When Rachel Quist began researching and writing about Salt Lake City’s history in 2010 as a way to get to know her city, she found that most Salt Lake City historic makers told a particular version of Utah history, often from the point of view of Mormon pioneers or mining tycoons.
“There must be much more interesting history that I don’t know about that does not have historic markers,” Quist thought. Thus began her quest to seek out and share stories about Utah’s more obscure characters.
Quist started combing through the local sections of Salt Lake City newspapers that have been digitally archived looking for intriguing stories. “I like to find the obscure history — that history that is not well known but has still contributed to where we are as a city,” she says. She began sharing these stories on Instagram in 2015 and has racked up a following of devotees interested in Utah’s lesser-known past.
Entertaining tales are regularly featured on her Instagram account, including the legend of a notorious grave robber who was banished to an island in the Great Salt Lake and was never seen again, and a story from the Great Depression when Westminster College allowed its students to pay tuition by exchanging farm produce. She’s especially drawn to accounts that resonate with the present.
“The old newspapers are full of stories about suicide, drug abuse, domestic violence, gun violence, crime, homelessness and other topics that are fully relevant today. It is interesting to see how the past dealt with struggles. Sometimes they seemed to do better than we do, but most of the time I’m happy I didn’t live 100 years ago,” she said.
Quist’s Instagram account has been especially poignant during the COVID-19 pandemic and the recent upheaval over racial inequality. Without her daily three-hour round trip commute to work, she found more time to pursue her interest and post more about Salt Lake City’s history.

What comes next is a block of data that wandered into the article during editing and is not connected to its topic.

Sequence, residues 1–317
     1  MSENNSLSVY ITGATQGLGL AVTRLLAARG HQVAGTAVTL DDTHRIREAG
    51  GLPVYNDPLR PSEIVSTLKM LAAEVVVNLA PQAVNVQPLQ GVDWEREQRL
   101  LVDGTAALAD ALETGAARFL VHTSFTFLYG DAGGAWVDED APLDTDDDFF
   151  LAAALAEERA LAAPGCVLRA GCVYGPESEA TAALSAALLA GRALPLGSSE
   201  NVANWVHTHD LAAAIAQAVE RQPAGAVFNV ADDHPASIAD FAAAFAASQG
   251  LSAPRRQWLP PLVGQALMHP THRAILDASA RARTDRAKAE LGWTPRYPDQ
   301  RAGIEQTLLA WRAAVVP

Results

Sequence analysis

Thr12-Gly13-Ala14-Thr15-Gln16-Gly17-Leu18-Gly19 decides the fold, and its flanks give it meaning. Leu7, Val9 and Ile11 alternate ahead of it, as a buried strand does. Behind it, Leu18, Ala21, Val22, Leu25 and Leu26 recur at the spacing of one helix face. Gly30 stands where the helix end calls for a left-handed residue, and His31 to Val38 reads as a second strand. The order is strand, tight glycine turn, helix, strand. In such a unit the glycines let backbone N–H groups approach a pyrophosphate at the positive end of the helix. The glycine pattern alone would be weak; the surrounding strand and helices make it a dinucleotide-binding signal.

Quist has dug up stories and photos from the 1918 flu pandemic and previous disease outbreaks which demonstrates that Salt Lake City actually has an extensive history of quarantining its residents.
Her posts also offer snippets into Salt Lake City’s past struggles with racial injustice, unearthing stories about Utah’s history with the Ku Klux Klan, including the burning of a large cross on Ensign Peak in the 1920s.
She has profiled couples that found loopholes in Utah’s former ban on interracial marriage. There are also long-forgotten tales of Italian, Chinese, and Japanese immigrants that were integral in building the city we see today.
Quist has a particular interest in capturing the stories of old Salt Lake City buildings slated for demolition. Not much is done to document the loss of these old buildings. She has taken it upon herself to briefly document the history of a select few buildings before they’re leveled to make way for new construction.
“I find this frustrating because I work in historic preservation for a federal agency. When a federal agency needs to demolish a historic building, there is usually some kind of documentation or community outreach or a combination of the two,” said Quist.
She also finds it frustrating that there are no local historic districts on the west side of Salt Lake City, and very few west side buildings are designated as local historic landmarks.
“When we only protect certain types of history, we end up losing the reminders about our eclectic past.”